provided to The Santiva Chronicle
Maria Santiago holds a position of high respect and trust in the Tice community of Fort Myers. Besides serving as the cultural studies teacher at the elementary school, the Puerto Rican native has developed working and personal relationships with local churches, daycare and community centers, and surrounding businesses.
For John MacLennan, a J.N. “Ding” Darling National Wildlife Refuge volunteer, Santiago’s energy and love of nature remind him of his late wife, Suzanne Dubuc, who was passionate about teaching kids, especially those in disadvantaged communities around the U.S.
“Like Suzanne, Maria is an educator and community connector,” said Toni Westland, supervisory refuge ranger, who leads ‘Ding’ Darling’s Urban Refuge outreach initiative. “She always has been there to help ‘Ding’ Darling with Tice Elementary this school year, when we were purchasing school supplies this fall, spending most of November at the school with the WoW mobile classroom, and pitching in on Thanksgiving dinner for 500 families, both students and staff.”
When MacLennan learned about the refuge’s wish to support a part-time Community Connector position as a liaison between “Ding” Darling and Tice, he generously funded Santiago in that role for this school year. As a knowledgeable and active community member, Santiago will be facilitating the formation of a community action team to determine future projects the refuge and WoW team are planning to support Tice Elementary, a Title 1 school, in terms of conservation and community needs.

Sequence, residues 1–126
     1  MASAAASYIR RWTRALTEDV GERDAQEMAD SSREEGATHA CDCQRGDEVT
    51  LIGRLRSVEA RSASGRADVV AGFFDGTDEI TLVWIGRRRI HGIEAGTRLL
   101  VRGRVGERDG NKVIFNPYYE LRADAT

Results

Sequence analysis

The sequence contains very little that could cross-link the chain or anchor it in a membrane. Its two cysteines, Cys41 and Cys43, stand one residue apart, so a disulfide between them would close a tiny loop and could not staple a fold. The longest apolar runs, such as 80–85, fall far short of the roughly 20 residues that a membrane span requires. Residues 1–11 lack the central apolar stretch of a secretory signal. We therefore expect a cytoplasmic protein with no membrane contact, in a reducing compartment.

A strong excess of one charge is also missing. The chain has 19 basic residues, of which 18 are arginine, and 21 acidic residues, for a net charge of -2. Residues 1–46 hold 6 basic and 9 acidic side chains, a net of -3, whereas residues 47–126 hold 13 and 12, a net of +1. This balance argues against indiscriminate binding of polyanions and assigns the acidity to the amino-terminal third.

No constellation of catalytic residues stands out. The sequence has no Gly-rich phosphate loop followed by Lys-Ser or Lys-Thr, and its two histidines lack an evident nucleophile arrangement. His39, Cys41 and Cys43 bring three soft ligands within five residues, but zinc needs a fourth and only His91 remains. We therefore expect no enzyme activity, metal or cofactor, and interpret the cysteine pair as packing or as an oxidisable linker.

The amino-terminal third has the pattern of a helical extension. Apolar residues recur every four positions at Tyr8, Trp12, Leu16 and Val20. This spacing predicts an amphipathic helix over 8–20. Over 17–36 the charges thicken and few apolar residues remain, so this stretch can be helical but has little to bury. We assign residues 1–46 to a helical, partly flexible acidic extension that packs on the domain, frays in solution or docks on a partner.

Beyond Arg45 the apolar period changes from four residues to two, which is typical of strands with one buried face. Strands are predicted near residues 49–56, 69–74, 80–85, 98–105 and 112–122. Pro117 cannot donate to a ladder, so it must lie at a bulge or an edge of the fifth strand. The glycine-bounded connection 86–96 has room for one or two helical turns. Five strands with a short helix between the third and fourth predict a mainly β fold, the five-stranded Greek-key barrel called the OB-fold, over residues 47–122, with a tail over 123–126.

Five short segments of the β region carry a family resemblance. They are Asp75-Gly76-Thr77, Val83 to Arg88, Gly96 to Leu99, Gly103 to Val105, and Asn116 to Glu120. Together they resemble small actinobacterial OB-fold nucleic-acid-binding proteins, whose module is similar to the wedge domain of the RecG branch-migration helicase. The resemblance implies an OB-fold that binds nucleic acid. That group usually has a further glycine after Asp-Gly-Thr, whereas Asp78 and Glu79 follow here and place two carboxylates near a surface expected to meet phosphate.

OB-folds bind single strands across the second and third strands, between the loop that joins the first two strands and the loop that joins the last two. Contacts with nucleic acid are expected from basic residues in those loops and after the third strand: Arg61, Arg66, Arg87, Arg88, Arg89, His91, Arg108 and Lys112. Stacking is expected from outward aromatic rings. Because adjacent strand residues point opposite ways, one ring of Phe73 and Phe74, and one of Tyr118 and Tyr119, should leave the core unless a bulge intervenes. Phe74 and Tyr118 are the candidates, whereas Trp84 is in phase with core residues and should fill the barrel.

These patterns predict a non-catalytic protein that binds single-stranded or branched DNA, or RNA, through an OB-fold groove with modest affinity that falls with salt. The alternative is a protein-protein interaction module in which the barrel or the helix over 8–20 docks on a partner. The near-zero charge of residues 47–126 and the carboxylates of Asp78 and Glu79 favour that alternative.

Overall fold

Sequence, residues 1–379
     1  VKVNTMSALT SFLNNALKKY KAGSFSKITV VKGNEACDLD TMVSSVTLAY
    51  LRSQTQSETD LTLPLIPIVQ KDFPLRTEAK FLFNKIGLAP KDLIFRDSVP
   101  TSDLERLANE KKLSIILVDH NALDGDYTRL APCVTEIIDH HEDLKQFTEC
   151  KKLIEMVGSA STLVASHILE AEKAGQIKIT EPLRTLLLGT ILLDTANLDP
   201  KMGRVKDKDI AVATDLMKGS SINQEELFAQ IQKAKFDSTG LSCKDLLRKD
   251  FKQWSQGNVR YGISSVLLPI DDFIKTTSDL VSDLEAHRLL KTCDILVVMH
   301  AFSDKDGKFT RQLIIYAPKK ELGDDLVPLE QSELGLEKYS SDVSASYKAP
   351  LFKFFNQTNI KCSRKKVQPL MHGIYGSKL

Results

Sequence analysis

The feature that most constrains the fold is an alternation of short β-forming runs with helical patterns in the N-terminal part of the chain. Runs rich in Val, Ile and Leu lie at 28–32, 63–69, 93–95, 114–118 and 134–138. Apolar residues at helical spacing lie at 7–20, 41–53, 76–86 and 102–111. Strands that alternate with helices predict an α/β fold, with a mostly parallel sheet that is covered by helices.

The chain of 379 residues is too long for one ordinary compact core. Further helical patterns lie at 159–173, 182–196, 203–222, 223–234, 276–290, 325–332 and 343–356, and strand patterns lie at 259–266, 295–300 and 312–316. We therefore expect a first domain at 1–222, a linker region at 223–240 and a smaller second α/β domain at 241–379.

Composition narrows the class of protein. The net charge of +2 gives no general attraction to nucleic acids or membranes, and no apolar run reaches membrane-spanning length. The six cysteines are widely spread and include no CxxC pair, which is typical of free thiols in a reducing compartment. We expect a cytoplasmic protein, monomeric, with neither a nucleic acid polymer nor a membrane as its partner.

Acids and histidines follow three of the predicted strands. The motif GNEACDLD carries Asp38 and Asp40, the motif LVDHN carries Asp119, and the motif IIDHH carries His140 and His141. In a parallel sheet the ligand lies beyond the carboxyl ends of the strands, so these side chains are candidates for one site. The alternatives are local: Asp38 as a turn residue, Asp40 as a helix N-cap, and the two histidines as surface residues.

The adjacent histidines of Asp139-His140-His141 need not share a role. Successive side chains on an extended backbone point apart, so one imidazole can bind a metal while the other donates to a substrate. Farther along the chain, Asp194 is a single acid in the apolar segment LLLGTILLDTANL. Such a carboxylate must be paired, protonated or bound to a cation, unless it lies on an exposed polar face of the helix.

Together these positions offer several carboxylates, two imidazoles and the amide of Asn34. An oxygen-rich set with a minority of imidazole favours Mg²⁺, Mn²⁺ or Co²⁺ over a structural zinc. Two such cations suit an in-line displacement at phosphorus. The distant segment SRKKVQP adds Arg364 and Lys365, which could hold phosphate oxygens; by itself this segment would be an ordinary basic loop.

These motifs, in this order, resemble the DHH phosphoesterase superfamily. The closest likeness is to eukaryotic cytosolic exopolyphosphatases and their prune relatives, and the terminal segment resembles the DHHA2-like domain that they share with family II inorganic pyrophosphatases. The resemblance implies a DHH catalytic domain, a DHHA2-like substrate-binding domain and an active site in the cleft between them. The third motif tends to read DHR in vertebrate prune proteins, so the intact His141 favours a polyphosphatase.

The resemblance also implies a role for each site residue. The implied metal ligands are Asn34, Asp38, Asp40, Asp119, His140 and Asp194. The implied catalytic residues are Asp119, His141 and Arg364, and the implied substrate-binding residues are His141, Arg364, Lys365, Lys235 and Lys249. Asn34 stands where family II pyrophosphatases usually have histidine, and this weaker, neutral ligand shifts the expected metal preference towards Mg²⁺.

“Suzanne would embrace a person of such high energy and dedication to children as Maria Santiago obviously is,” said MacLennan. “Her life was dedicated to providing the best in education for elementary students.”
Dubuc taught in a rural South Carolina school as segregation was ending, served as principal of a multi-cultural Catholic school in Hawaii, provided teachers and parents in New England with hard-to-find teaching materials, and created an adult-oriented English skills program for Haitian workers in the Fort Myers area.
“We are excited to see Suzanne’s passion for education continue with this important mission of urban outreach and inspiring future conservation stewards,” said Birgie Miller, executive director of the “Ding” Darling Wildlife Society-Friends of the Refuge (DDWS), which supports the program as the refuge’s nonprofit arm. “Philanthropy makes the difference in what we can accomplish in this area, and it is an honor to have the memory of Suzanne Dubuc shared in this way.”
As a non-profit 501(c)3 organization, DDWS works to support J.N. “Ding” Darling National Wildlife Refuge’s mission of conservation, wildlife and habitat protection, research, and public education through charitable donations and Refuge Nature Shop profits. To support DDWS and the refuge with a tax-deductible gift, visit dingdarlingsociety.org or contact Birgie Miller at 239-472-1100 ext. 4 or firstname.lastname@example.org.